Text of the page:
Sparking debate between copyright and wrong08 August 2017
Several proposed changes regarding "safe harbour" provisions to Australia's copyright laws have triggered debate amongst decision makers.
The provisions are set out in Division 2AA of the Copyright Act 1968 (Cth) (the Act)—at the moment they protect telecommunication companies and internet service providers that inadvertently host copyright infringing content (providing they remove the content as soon as they're notified of its infringing status).
Back in December 2016, the Australian Government released an exposure draft outlining proposed amendments to the Act. Among other things, the amendments were designed to extend the "safe harbour" to search engines, online platforms and universities. This would essentially mean that users of popular social media and bulletin board websites, such as Facebook and Reddit, would be able to share infringing material and the host website would be shielded from any liability (assuming they complied with the take-down requirement).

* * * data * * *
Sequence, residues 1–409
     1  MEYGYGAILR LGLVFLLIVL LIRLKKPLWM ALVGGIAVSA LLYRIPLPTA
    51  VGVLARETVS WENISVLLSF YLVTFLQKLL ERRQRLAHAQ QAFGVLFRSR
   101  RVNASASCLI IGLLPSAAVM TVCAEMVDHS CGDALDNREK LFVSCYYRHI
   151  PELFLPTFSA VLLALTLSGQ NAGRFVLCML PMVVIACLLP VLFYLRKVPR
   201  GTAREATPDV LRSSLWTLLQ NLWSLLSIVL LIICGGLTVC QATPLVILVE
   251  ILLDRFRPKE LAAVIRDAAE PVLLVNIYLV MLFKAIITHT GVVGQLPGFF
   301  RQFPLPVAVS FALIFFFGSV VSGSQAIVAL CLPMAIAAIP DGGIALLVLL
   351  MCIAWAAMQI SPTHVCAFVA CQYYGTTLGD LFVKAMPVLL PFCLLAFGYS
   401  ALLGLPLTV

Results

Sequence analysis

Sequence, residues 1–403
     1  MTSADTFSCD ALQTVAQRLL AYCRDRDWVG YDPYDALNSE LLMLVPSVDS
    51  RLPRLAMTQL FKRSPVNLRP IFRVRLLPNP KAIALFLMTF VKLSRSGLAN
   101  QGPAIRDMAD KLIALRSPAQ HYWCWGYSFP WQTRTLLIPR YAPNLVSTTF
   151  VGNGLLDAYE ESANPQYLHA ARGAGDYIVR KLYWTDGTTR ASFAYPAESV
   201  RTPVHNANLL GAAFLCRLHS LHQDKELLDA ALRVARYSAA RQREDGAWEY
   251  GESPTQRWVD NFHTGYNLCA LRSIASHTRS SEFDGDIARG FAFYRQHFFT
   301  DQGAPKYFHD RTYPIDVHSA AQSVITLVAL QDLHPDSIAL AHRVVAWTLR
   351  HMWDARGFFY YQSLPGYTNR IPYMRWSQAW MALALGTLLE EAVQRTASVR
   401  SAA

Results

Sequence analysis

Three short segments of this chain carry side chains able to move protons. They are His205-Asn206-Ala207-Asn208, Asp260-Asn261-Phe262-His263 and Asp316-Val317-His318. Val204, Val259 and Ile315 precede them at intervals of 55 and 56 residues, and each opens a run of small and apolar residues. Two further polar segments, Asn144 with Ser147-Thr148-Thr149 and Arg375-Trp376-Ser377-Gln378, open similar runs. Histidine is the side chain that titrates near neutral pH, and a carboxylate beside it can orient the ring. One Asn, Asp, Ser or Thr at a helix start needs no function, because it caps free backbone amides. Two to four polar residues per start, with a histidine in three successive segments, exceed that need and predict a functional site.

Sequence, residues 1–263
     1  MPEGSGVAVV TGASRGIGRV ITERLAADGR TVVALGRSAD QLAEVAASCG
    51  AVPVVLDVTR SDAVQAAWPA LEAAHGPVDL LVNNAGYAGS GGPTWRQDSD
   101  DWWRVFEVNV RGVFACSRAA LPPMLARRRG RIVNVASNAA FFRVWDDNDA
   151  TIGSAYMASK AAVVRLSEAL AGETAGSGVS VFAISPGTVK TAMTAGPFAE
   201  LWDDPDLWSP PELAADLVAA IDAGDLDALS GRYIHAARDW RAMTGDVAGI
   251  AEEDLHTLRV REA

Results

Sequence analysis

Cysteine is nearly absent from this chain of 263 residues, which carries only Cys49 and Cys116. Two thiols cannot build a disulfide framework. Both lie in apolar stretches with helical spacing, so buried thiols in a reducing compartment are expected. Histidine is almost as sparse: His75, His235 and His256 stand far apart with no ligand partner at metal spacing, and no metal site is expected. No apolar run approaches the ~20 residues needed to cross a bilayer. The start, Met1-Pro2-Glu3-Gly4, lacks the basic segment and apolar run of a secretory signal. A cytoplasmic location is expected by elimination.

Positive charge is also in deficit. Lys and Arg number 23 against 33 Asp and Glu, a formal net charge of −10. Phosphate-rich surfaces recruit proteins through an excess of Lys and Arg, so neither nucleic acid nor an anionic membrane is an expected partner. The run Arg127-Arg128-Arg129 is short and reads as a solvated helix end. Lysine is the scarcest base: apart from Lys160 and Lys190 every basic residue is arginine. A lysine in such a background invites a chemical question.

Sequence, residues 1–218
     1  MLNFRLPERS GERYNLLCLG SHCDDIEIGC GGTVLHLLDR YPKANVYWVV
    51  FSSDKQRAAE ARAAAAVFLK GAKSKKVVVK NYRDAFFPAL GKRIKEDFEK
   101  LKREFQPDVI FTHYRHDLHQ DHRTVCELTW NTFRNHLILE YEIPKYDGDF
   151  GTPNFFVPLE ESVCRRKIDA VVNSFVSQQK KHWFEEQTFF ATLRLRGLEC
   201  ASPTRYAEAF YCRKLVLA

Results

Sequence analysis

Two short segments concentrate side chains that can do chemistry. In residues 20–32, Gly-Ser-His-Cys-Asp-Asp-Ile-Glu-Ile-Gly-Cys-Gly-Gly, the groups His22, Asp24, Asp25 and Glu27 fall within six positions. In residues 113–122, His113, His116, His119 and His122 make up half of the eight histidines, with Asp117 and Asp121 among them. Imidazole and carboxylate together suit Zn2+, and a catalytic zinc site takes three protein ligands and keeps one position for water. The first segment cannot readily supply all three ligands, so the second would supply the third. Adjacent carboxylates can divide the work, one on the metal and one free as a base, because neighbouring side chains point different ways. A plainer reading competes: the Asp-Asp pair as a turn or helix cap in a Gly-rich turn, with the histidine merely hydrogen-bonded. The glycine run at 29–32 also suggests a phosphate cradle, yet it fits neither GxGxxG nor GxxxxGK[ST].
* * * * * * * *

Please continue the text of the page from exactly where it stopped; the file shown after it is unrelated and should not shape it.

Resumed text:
You can probably guess what happened next...
Angry copyright holders in the sports, music, media and entertainment industries submitted and lobbied that the extension would severely threaten intellectual property rights.
So the Copyright Amendment (Disability Access and Other Measures) Bill 2017 was tabled in Federal Parliament on 22 March, noticeably without mention of any "safe harbour" provisions. Communications Minister Mitch Fifield explained the provisions were removed to "enable the government to further consider feedback received on this proposal whilst not delaying the passage of other important reforms".
At least for now it appears to remain plain sailing for Australia's "safe harbour" laws.
We're keen to hear your thoughts. Should the Government extend its protections to other online platforms, or would it obliterate existing intellectual property rights?